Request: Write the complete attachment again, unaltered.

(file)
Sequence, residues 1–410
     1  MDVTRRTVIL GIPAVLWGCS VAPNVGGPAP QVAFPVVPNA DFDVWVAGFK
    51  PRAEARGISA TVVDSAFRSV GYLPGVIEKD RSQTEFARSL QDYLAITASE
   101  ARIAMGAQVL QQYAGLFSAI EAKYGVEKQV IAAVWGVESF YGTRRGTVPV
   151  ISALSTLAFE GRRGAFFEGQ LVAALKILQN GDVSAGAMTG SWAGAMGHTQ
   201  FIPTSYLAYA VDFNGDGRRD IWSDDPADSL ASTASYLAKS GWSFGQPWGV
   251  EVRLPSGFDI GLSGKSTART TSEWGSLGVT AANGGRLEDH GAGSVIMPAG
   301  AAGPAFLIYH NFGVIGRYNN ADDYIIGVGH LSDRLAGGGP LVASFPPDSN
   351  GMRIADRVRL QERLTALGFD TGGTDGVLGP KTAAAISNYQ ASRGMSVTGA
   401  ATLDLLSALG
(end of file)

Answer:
Sequence, residues 1–410
     1  MDVTRRTVIL GIPAVLWGCS VAPNVGGPAP QVAFPVVPNA DFDVWVAGFK
    51  PRAEARGISA TVVDSAFRSV GYLPGVIEKD RSQTEFARSL QDYLAITASE
   101  ARIAMGAQVL QQYAGLFSAI EAKYGVEKQV IAAVWGVESF YGTRRGTVPV
   151  ISALSTLAFE GRRGAFFEGQ LVAALKILQN GDVSAGAMTG SWAGAMGHTQ
   201  FIPTSYLAYA VDFNGDGRRD IWSDDPADSL ASTASYLAKS GWSFGQPWGV
   251  EVRLPSGFDI GLSGKSTART TSEWGSLGVT AANGGRLEDH GAGSVIMPAG
   301  AAGPAFLIYH NFGVIGRYNN ADDYIIGVGH LSDRLAGGGP LVASFPPDSN
   351  GMRIADRVRL QERLTALGFD TGGTDGVLGP KTAAAISNYQ ASRGMSVTGA
   401  ATLDLLSALG